SIFF 2017: ‘Forever Pure’ Movie Review

by Warren Cantrell on May 26, 2017

in Print Reviews,Reviews

[Rating: Rock Fist Way Up]

In their best form, amateur and professional sports offer people the opportunity to come together for a common cause, the team. Rich or poor, Jew or Gentile, black or white: organized athletic competition gives fans and players alike an avenue through which barriers can be broken and new bonds can be formed. Hollywood has exploited this trope ad nauseam, with nearly every sports-themed movie playing up the ragtag-misfits-that-come-together scenario to death. Yet this is for a good reason, for it represents the very best that the human experience has to offer, i.e., the casting aside of prejudice and the elevation of community. Sports actually do this; games involving balls and sticks do this, which seems mad considering geopolitical maneuvering and war sometimes can’t.

What happens when sports fail to bridge a cultural gap, however? That’s the question director Maya Zinshtein asks with her insightful and crushing documentary, Forever Pure, which concerns itself with one of the most controversial seasons of Israel’s most popular soccer club. This team, Beitar Jerusalem F.C., is like the Boston Red Sox, Dallas Cowboys, and Manchester United all rolled into one…and on steroids. Beitar’s connection to the Jewish community in Jerusalem goes back decades, and as one person states, the team, “became a political symbol for second-class Israelis…it was the team of the underprivileged.”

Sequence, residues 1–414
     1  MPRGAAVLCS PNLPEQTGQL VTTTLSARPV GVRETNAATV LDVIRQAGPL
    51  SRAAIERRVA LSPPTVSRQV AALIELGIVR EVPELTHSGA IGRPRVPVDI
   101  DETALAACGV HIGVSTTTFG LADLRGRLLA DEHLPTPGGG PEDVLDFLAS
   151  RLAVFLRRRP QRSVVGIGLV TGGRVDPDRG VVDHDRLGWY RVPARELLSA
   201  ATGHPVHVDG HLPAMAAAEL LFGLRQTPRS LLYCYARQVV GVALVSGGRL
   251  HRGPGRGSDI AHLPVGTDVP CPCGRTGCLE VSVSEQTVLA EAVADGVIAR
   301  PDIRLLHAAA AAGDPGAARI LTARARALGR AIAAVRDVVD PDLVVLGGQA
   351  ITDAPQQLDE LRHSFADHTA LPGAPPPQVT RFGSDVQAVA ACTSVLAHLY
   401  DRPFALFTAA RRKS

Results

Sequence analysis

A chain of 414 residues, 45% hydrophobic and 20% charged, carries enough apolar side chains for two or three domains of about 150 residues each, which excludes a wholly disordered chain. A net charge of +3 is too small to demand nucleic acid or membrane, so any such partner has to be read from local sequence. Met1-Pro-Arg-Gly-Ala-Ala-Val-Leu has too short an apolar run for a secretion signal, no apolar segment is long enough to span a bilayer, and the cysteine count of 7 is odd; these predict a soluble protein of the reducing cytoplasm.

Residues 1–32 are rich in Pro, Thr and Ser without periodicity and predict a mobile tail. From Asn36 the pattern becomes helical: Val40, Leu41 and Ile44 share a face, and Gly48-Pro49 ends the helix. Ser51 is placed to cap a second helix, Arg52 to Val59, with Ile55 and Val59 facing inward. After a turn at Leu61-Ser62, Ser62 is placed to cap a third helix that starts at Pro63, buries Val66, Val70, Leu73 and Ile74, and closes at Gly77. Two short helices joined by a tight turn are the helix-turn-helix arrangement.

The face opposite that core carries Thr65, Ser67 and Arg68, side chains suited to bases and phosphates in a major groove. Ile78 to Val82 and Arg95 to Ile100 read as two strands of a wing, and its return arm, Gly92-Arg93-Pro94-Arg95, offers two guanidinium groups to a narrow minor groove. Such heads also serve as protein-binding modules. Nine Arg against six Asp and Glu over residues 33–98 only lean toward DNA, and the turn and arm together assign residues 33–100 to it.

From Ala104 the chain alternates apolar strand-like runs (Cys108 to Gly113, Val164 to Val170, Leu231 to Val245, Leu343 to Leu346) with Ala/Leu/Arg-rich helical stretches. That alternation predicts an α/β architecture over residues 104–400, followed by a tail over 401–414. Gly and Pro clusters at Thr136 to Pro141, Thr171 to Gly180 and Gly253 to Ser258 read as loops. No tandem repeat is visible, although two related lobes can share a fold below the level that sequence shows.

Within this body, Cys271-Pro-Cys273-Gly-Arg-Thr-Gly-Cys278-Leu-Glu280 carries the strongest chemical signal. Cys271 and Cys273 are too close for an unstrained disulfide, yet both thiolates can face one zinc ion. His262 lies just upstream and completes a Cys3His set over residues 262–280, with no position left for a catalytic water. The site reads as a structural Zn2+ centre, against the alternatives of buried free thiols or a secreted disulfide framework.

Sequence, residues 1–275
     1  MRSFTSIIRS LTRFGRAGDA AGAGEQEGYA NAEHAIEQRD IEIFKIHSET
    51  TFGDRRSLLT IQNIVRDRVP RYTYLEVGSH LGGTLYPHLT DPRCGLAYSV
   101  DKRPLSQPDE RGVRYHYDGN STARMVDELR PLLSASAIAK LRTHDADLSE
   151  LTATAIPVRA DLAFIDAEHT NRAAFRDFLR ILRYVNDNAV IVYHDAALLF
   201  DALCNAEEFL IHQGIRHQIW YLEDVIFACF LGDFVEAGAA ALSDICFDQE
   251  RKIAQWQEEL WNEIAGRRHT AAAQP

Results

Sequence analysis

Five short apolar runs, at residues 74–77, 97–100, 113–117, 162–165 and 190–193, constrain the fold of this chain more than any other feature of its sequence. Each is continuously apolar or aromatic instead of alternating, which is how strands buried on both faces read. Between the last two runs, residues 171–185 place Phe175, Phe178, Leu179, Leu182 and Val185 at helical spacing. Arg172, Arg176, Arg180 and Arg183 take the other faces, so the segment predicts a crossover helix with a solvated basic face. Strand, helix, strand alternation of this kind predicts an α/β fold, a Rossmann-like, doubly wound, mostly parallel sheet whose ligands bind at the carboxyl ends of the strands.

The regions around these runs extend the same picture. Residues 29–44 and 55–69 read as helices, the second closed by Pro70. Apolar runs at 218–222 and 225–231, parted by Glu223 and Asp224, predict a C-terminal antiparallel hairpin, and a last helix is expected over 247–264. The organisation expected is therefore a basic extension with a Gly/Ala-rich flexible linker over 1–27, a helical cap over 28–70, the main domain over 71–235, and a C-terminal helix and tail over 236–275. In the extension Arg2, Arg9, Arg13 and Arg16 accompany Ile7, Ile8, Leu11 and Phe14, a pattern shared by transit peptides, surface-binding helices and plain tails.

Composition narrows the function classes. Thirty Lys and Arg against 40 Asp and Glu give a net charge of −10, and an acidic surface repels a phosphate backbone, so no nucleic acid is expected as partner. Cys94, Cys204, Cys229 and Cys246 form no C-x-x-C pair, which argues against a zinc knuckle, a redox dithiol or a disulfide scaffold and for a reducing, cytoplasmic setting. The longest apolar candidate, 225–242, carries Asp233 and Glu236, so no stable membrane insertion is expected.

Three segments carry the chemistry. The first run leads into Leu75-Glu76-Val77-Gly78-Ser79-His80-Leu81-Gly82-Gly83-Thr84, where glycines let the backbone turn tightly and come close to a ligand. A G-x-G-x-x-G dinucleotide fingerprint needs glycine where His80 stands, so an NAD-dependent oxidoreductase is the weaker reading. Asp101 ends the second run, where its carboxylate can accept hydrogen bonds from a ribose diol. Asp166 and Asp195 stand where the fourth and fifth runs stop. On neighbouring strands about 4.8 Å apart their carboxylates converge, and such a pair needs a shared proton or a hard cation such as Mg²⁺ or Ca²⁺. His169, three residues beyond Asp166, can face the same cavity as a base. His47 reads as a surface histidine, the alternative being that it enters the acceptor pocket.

Since Israel’s working-class identifies so closely with the team, and since it has the largest and most passionate fanbase, Beitar has evolved into a powerful political tool that can be used to influence policy or political reform. This is why Russian-born billionaire Arcadi Gaydamak purchased the team in 2005, a fact Gaydamak is perfectly frank about when speaking on-camera in Forever Pure. He remarks that he bought the team as an investment opportunity, and also as a way to increase his visibility in advance of a mayoral run in Jerusalem. Yet when Gaydamak’s political aspirations failed to come to fruition in 2008, his interest in the team seemed to disintegrate.